Chewing gum, coming off a brutal year for retail sales, is back in demand as American start taking off their masks – and don’t always like what they smell.
As restrictions ease and vaccination rates rise, U.S. gum sales have recently started rising, data from NielsenIQ show.
The nascent turnaround follows two straight years of declines for the 12-month periods ended in May, a signal consumer behavior is slowly returning to normal.
The pickup in gum spending is a welcome change for the likes of Trident-maker Mondelez International Inc., Mars Inc.’s Wrigley and Tootsie Roll Industries Inc., the manufacturer of Dubble Bubble.
It’s not just inflation driving the jump in total sales, although prices per unit are also up.
The average pack of gum sold in May was $2.11, the data show, up from $2.05 at the start of the year.
The number of packs sold is also up, with Americans purchasing nearly 15 million more packs of gum in May compared to January levels.
Gum demand pulled back during the pandemic for clear reasons: Americans weren’t frequently leaving the house or socializing, and required masking plus 6-foot distancing meant consumers weren’t in need of minty freshness like in pre-pandemic times.
The rebound in recent weeks also reflects comparisons to the early weeks of the 2020 lockdowns, when demand for many nonessentials pulled back sharply, meaning there’s still more room to grow.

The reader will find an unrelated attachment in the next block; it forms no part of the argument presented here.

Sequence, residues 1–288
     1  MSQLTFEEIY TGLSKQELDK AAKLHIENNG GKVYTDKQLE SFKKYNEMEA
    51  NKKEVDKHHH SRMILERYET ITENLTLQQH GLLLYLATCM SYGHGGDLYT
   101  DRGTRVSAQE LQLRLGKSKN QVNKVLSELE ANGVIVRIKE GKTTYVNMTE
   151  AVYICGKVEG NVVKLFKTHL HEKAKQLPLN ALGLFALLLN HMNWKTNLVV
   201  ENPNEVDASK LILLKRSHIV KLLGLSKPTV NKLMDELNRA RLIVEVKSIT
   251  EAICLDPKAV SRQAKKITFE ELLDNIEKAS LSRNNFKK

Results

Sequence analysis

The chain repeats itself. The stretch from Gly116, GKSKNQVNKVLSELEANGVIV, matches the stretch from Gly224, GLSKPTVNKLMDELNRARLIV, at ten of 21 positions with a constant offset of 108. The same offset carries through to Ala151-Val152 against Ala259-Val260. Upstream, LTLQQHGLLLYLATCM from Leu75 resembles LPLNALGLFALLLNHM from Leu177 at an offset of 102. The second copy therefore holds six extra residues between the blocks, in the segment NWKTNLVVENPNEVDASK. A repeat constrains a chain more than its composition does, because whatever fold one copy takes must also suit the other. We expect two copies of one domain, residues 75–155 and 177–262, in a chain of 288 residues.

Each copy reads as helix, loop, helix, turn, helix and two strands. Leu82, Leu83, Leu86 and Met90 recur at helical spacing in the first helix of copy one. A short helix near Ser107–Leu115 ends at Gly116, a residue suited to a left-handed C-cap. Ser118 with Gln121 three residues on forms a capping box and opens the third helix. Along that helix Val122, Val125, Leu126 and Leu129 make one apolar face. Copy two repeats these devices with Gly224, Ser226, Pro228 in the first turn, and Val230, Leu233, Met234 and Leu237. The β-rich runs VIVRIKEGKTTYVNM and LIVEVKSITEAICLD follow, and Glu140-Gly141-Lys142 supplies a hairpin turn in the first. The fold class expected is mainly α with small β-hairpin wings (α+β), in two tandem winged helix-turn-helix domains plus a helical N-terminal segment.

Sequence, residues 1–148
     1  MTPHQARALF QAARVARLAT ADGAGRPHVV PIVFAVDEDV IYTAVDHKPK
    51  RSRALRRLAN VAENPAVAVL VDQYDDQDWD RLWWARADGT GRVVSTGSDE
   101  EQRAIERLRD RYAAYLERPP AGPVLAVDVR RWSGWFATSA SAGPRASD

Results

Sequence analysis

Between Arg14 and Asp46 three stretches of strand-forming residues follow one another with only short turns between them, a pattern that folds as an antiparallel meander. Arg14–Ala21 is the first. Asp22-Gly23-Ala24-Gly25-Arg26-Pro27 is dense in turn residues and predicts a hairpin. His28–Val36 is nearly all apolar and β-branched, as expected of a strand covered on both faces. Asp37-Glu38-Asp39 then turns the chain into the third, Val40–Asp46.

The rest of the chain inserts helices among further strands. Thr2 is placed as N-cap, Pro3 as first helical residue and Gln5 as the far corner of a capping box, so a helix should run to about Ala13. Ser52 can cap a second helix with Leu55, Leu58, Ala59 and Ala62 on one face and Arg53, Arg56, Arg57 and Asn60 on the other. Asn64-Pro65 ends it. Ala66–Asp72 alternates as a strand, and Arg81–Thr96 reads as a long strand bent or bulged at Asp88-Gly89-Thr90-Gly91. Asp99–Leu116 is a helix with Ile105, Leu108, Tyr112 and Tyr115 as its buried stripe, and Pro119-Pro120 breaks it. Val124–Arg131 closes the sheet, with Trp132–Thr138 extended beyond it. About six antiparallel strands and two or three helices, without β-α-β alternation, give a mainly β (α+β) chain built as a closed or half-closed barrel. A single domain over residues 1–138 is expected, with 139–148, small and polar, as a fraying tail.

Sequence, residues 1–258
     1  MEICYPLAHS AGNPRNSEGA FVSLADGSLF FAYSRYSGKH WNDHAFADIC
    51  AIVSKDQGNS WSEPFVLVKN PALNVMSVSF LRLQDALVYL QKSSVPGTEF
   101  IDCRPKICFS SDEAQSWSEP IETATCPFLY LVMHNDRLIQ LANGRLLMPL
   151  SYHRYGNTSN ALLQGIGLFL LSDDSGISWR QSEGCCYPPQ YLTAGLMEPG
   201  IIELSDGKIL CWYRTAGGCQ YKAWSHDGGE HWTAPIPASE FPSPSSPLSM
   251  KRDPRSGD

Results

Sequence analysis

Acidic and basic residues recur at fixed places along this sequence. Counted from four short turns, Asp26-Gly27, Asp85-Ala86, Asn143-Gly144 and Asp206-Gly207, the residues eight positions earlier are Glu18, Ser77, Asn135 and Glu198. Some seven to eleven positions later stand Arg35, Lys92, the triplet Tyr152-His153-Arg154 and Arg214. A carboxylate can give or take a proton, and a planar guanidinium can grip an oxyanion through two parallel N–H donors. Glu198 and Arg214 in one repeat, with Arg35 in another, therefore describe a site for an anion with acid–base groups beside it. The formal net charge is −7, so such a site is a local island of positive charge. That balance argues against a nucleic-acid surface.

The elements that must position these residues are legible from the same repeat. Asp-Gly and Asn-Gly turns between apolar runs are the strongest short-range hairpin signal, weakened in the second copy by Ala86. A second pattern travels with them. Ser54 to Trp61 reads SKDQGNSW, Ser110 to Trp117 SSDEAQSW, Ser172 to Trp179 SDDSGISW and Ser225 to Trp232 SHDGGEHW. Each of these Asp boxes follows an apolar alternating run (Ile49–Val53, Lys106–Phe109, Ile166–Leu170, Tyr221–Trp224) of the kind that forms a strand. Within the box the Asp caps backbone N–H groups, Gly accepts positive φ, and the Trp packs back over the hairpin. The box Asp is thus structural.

Mondelez has made returning near pre-Covid levels the gum business’s “number one priority,” Chief Financial Officer Luca Zaramella said at a conference last month.
The gum unit could be ripe for a sale if it doesn’t recover further.
“We have to fix the business and then potentially assess whether there are other avenues for us to create more value for Mondelez’s shareholders,” Zaramella said.
Mondelez, Mars and Tootsie Roll didn’t immediately respond to requests for comment.
Consumers’ restricted mobility of the past year especially impacted the category, since “75% of gum consumption is on the road,” Dirk Van De Put, Mondelez’s CEO, said at a conference in late 2020.
“Because you’re on your way in public transportation or in your car, at work, you’re going out – that’s typically gum consumption moments,” he said. “But we’ve also seen that in the crisis, there’s a lot more stress and anxiety and gum can be a relief.”
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